Too big to jail

12 March 2013

In testimony before the Senate Judiciary Committee last week, US Attorney General Eric Holder made an extraordinary admission.

Responding to questioning from Republican Senator Chuck Grassley, who noted that there had been no major prosecutions of financial institutions or executives by the Obama administration, Holder said: “I am concerned that the size of some of these institutions becomes so large that it does become difficult for us to prosecute them, when we are hit with indications that if we do prosecute—if we do bring a criminal charge—it will have a negative impact on the national economy, perhaps even the world economy…”

In other words, major banks are so economically important that, according to Holder, it is impossible to prosecute them for criminal activity. They are above the law.

This exchange occurred during a discussion of the Justice Department’s settlement last year with British-based HSBC, the world’s third-largest bank. HSBC had been charged with laundering billions of dollars for Mexican and Colombian drug cartels. In exchange for avoiding charges, HSBC agreed to pay $1.9 billion, or roughly two months’ profits. Top US officials explicitly vetoed any criminal charges, even on lesser counts than money laundering.

HSBC is only the latest bank to have received a free pass. Earlier this year, ten financial firms agreed to pay $3.3 billion in cash to settle charges of mortgage fraud: amid the housing market collapse, they had employees fraudulently sign off on thousands of mortgage foreclosures a month.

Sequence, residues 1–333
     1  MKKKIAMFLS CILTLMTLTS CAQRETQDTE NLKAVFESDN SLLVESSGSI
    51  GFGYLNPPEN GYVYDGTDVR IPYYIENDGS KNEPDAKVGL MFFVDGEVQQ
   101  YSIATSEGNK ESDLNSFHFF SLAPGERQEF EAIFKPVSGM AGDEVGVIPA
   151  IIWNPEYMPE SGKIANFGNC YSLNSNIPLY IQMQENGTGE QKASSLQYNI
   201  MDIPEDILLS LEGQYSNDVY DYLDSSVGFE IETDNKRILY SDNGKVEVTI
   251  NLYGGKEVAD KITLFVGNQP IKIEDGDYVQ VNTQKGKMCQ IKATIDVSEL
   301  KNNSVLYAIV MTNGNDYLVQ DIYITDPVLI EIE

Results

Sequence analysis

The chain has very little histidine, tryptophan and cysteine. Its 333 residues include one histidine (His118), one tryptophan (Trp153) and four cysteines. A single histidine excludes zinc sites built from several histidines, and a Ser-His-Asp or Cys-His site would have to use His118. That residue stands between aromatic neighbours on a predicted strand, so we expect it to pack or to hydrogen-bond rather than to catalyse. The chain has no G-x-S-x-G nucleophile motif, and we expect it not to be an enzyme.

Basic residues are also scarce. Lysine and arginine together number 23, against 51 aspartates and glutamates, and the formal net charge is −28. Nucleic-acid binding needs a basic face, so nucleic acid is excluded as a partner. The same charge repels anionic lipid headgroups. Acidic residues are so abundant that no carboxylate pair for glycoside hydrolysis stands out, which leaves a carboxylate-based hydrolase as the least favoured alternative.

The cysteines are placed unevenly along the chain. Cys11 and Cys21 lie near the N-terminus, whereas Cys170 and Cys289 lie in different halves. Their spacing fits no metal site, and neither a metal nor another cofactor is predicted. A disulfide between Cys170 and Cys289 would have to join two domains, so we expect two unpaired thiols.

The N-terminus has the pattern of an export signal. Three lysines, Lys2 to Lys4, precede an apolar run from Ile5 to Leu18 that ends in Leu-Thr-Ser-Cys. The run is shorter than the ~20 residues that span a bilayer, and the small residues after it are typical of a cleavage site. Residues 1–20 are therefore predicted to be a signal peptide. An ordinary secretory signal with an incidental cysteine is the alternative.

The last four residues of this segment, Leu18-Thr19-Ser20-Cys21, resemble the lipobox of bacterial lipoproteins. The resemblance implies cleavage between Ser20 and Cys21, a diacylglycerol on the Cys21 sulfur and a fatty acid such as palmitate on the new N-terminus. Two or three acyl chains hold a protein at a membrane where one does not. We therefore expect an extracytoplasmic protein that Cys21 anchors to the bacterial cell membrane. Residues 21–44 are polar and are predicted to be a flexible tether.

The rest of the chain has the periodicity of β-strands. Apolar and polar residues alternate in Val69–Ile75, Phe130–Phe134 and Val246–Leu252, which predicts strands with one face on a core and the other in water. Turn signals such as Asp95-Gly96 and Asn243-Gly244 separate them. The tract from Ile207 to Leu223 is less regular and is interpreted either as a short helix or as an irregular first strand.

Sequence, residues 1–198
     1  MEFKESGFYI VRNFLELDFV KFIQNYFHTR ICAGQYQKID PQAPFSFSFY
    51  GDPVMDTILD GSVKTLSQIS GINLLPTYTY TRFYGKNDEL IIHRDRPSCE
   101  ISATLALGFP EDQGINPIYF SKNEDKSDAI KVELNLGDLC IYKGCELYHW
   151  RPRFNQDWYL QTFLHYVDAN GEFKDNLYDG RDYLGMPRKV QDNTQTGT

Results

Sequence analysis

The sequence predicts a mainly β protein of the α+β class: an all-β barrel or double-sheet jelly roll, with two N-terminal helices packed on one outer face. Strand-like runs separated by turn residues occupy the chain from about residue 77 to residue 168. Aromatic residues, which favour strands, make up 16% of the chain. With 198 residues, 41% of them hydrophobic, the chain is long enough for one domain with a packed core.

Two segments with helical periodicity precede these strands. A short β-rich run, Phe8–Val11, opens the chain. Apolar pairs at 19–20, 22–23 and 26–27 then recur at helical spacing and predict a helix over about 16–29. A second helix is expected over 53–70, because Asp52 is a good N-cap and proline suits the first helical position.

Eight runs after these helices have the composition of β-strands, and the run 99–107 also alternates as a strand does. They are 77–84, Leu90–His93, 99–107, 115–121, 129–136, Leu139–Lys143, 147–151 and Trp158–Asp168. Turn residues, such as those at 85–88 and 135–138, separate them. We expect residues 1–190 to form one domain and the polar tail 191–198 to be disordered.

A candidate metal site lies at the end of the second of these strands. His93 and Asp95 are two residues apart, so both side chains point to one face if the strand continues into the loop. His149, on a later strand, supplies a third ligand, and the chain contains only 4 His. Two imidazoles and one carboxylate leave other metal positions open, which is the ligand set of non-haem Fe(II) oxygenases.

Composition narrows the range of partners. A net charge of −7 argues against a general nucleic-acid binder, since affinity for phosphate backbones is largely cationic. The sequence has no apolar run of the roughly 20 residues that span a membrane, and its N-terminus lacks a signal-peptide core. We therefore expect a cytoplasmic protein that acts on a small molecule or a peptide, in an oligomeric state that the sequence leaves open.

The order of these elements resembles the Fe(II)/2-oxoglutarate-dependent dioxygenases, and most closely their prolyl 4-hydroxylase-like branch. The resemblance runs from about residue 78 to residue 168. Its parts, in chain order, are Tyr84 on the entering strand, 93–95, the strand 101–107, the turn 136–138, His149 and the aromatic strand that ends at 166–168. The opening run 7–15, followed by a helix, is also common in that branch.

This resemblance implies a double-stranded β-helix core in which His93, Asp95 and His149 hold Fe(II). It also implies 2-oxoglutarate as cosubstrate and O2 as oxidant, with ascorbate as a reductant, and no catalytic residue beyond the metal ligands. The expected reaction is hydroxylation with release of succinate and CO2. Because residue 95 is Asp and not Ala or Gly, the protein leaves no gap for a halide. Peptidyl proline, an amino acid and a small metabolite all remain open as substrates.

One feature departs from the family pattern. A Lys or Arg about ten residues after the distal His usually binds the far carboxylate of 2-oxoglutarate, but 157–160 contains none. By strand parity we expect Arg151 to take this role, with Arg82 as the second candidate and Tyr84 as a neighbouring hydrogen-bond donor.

Last year, the government ended an investigation into Goldman Sachs without charges over its promotion of mortgage-backed securities at the height of the speculative bubble—even as Goldman Sachs bet against the assets itself.

In 2010, the Obama administration reached a settlement with Wachovia Bank on similar charges as those brought against HSBC: laundering billions of dollars of drug money, in this case for the Sinaloa Cartel. The fine was $160 million, less than 2 percent of the previous year’s profits.

Many similar arrangements could be cited. In each case, a check is signed—if there is any punishment at all—and business goes on as usual. Whatever money the financial institutions lose is more than balanced by their take of the $85 billion funneled into the markets every month by the US Federal Reserve.

In justifying the administration’s refusal to prosecute, Holder cites the banks’ immense power over economic life. That these institutions exercise dictatorial control over the economy and engage in unchecked criminal behavior is not an argument for refusing to prosecute them, however. Rather, it is an argument for expropriating them, taking them out of the hands of the criminals that run them, and placing them under the democratic control of the working class.

In its dealings with these institutions, however, the government acts as a direct representative of the financial aristocracy. First Bush and then Obama justified the bank bailouts after the 2008 crash by citing the need to “save the economy.” Since then, millions of jobs have disappeared. To pay for such bank bailouts, governments around the world are implementing brutal austerity measures, wiping out public education, health care, retirement and other social programs.